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It is so because people tend to use OOP the "wrong" way.

Frankly, learning C and then Java, OOP always felt a bit strange to
me; sure it's a nice way to make types but if you look at the design
patterns of the Gang of Four you'll see that most of them patch a
"problem" in the language: lack of globals, lack of first-class
functions / closures, lack of multiple dispatch, lack of
instance-level polymorphism.

I believe that people tend to misuse extention and to use interfaces
has a solution for the lack of multiple inheritance. (I also believe
I'm not alone in this: either the creator or Java or C++ said that,
looking back, he'd leave inheritance of code out [citation needed]).

My opinion is that one should use intefaces to establish the contract
of the type ("I respond to these messages") and use delegation to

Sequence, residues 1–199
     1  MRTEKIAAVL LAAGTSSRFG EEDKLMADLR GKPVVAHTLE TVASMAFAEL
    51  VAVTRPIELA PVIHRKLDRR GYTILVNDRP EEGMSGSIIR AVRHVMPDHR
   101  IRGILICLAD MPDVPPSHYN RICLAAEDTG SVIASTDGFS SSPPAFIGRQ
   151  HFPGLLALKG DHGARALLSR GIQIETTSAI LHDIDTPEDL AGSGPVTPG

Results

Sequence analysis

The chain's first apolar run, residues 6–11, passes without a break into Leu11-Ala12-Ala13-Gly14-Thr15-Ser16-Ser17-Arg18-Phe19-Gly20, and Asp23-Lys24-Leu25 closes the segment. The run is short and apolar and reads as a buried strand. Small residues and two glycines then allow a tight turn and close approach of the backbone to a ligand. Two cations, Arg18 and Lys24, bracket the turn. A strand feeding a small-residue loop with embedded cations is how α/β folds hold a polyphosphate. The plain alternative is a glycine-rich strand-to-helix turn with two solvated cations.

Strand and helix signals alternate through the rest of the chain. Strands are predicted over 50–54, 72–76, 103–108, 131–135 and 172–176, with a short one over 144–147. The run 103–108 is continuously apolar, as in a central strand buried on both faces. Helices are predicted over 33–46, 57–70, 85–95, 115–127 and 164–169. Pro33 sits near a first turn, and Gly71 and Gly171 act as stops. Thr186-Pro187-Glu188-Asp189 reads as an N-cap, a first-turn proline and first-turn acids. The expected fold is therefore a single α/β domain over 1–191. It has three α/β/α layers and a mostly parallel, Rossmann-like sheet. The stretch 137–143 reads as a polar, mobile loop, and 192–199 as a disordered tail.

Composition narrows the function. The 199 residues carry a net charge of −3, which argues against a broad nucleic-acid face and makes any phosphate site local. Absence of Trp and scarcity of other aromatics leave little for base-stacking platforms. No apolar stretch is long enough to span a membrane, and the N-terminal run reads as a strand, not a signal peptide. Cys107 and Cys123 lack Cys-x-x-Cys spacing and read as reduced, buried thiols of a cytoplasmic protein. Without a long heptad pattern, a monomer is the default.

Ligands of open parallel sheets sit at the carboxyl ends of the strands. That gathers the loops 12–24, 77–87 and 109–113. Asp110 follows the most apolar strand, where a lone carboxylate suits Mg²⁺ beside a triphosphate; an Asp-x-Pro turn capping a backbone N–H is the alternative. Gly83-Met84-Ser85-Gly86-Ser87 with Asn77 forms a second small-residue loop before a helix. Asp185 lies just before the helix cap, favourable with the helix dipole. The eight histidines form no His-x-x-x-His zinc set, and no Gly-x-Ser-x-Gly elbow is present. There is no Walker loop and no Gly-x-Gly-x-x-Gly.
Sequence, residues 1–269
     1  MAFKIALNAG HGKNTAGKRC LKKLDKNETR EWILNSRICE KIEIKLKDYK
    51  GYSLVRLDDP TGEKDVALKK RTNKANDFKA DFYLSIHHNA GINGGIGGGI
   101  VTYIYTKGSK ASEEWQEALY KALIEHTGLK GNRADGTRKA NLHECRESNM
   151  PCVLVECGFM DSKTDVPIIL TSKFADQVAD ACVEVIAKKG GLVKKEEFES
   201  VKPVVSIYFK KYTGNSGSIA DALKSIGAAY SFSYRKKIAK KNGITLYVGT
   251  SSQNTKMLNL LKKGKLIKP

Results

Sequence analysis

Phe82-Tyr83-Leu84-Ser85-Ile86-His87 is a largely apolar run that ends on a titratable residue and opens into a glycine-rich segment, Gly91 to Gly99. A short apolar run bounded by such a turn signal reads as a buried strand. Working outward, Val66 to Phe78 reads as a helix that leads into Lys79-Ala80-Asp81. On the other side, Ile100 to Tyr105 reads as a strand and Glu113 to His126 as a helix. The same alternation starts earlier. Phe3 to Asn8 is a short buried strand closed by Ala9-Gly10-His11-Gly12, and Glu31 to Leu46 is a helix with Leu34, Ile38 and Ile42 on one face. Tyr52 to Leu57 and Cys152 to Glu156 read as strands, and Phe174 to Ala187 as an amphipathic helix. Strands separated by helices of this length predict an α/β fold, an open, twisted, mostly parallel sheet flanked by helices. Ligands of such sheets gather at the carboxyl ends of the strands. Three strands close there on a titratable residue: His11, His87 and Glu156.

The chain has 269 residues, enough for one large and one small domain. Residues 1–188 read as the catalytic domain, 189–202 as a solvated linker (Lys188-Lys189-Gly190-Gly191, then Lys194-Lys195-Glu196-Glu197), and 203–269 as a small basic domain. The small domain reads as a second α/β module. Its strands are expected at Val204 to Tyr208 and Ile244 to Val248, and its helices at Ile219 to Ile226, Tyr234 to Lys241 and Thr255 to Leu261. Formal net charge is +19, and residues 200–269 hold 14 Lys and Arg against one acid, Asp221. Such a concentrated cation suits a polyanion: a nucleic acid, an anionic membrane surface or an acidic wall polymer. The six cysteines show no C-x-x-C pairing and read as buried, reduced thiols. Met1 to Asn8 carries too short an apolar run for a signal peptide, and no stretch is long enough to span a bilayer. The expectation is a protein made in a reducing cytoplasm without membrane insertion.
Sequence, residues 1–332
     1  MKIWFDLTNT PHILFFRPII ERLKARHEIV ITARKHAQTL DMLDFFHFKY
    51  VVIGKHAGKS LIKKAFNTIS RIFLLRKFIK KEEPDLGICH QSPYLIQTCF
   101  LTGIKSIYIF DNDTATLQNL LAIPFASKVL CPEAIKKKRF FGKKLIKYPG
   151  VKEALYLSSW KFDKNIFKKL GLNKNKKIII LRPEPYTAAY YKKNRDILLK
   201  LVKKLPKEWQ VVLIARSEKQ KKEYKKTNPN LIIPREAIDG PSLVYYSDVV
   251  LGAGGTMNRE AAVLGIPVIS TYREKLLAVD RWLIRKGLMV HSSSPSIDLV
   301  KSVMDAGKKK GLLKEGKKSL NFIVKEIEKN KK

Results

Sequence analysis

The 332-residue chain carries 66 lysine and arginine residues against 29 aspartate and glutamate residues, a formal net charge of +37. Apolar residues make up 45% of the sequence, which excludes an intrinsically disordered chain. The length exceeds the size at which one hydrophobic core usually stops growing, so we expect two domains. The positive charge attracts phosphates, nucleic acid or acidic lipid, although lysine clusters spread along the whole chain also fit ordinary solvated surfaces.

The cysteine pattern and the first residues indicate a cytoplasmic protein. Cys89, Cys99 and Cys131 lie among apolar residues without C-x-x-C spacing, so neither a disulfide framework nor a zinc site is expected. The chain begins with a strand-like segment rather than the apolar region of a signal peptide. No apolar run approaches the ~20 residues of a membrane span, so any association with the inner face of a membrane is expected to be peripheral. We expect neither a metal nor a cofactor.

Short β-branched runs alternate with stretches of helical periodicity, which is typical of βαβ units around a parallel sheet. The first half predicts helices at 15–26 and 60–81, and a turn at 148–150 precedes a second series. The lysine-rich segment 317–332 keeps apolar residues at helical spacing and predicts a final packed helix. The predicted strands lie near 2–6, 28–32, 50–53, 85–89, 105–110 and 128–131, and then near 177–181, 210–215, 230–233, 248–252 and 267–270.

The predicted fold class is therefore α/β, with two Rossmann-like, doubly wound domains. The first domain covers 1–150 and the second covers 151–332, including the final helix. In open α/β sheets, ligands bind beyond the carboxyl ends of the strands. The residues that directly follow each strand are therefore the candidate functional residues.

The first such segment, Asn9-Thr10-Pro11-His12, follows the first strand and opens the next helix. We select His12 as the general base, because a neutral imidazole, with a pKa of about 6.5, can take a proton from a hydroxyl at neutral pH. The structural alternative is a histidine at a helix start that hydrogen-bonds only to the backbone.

"extend" pre-existing functionality, rather than subtyping and face
something like the "Liskov Substitution Principle" (which is almost

That said, if one finds that competing OOP models is hindering
development, maybe one should consider an "has-a" relationship instead
(under the hood, in Lua, it's always delegation anyway).

On 3/31/10, Petite Abeille <> wrote:
> On Mar 31, 2010, at 7:22 PM, Aleirade wrote:
>> This works fine until I want to subclass a class made by someone else
>> using
>> my own OOP model which I already use extensively in my own code.
> Doctor, it hurts when I do this... :D